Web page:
Women have traditionally been separated from the realm of the erotic which was always a very phallo-centric space. There are also the psychological complexities associated with a sense of guilt. In “A Child is Being Beaten”, Freud defines the concept of female sexuality in terms of their inevitable feelings of guilt due to their unconscious (incestuous) desires. The guilt need not be uniformly due to incestuous desires, however. It can be theorised that women feel guilt and shame about identifying with female characters in pornography, who express pleasure and achieve sexual satisfaction by means of male penetration. To escape the guilt associated with the consumption of heterosexual pornographic material, women create slash stories with their narratives of male homosexual eroticism “in which female readers needn’t consider the disadvantages of exposing their eroticism, since the mystified female sexual identity that fetters women in other forms of society is excluded from the male homosexual narratives.” (Nagaike 84) In identifying with male characters rather than female characters and projecting their own sexuality onto them, female readers are capable of obtaining the “ambivalent and balanced status” of simultaneously identifying with and dissociating from the protagonists in a scene. This sentiment is echoed by Gunn, who said that it is because of the absence of women in m/m pornography that she doesn’t “feel bound into an ideological discourse about the misrepresentation of my likeness.” (336)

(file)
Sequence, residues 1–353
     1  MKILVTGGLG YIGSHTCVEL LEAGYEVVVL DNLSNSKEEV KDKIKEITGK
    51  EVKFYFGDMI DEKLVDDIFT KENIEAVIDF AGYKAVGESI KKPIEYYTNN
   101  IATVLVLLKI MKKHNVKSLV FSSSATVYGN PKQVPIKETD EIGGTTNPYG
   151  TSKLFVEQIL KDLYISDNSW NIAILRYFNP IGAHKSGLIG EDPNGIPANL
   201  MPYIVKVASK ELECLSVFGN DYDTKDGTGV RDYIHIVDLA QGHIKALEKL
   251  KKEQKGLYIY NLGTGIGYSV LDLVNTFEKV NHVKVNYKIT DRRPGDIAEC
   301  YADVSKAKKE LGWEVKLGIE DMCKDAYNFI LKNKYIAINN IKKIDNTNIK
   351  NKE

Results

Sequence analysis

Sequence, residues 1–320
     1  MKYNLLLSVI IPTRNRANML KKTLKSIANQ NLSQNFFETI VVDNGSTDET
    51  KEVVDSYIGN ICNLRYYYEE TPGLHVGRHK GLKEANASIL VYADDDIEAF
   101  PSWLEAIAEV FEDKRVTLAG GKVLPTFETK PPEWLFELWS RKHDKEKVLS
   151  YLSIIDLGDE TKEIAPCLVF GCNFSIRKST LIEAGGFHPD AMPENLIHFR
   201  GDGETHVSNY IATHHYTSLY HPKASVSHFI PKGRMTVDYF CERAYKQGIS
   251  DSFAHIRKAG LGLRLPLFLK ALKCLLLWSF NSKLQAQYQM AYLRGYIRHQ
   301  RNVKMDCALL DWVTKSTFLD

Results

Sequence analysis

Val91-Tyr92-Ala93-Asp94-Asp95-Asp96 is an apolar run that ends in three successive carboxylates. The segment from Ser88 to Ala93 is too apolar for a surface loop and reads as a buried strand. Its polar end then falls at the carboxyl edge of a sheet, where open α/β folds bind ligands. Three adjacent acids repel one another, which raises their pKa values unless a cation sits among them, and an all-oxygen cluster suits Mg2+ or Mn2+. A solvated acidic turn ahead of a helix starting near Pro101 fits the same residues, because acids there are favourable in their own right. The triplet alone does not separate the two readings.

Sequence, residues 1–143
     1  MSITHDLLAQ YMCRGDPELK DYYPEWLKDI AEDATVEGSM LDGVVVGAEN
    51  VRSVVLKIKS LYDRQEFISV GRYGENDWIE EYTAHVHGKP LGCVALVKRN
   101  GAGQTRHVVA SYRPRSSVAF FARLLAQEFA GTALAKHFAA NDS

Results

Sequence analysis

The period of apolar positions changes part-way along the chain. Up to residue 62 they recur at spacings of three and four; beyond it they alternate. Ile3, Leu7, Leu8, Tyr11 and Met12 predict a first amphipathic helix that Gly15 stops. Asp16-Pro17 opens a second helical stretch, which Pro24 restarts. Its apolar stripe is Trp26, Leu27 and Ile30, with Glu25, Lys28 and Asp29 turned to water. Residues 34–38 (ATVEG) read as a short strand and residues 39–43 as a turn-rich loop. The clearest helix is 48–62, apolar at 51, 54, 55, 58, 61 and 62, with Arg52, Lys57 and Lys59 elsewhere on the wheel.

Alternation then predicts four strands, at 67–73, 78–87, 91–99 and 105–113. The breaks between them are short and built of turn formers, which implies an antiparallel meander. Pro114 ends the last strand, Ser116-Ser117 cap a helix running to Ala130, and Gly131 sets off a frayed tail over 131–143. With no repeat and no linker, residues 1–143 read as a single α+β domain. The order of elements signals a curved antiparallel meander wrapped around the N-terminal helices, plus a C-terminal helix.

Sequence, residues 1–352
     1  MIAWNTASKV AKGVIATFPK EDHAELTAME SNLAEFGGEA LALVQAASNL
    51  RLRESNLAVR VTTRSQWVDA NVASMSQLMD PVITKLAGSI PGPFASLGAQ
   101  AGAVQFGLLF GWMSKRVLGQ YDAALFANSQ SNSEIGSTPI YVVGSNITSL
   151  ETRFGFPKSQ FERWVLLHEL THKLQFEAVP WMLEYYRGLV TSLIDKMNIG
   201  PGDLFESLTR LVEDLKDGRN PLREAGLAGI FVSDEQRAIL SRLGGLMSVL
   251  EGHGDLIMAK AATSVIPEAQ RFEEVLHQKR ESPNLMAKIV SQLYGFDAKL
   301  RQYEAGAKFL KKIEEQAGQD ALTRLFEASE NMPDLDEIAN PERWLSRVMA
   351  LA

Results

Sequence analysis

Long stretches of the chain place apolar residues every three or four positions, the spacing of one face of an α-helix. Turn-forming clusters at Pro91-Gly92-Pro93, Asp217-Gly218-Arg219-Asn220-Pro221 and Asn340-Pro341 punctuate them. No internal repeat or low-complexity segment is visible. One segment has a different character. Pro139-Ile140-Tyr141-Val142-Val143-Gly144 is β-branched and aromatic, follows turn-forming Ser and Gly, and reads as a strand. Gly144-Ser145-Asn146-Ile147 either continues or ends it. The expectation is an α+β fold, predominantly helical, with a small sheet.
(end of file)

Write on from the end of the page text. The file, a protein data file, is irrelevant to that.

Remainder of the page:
Women use slash to express their own gendered or sexual experiences and desires, and slash transgresses the norm just by existing because fans, through writing and reading, critique and respond to cultural norms within canon through their own, often marginalized and neglected experiences. Through the medium of slash fic, women have been able to express their innate sexual desires and their ‘kinks’ in narratives that are suitably distanced from themselves through the absence of the female body. Unlike the readers of the romances Janice Radway interviewed in her seminal text, the readers of slash are less reluctant to reveal their kinks and their propensity for reading highly sexual works of fiction. In fandom spaces, it is as common for readers to compliment writers for well written pornographic scenes as it is for a piece of plot exposition. Fandom participants also speak openly about how it is through exposure to smutty fan fiction that they have been able to understand various forms of sexuality, especially with regard to homosexuality. For many, it is through slash that they overcome internalised homophobia. “Fan fiction as a means of communication and a fictional framework has clearly demonstrated that traditional romance literature does not reflect sensual experiences of women in modern western societies. It does not reflect either their degree of sexual awareness, or their need for sexually-oriented texts.” (Samutina, 19) The popularity of a series like EL James’s 50 Shades of Grey is testament to the fact that women readers are increasingly gravitating towards romances with explicit sexual content.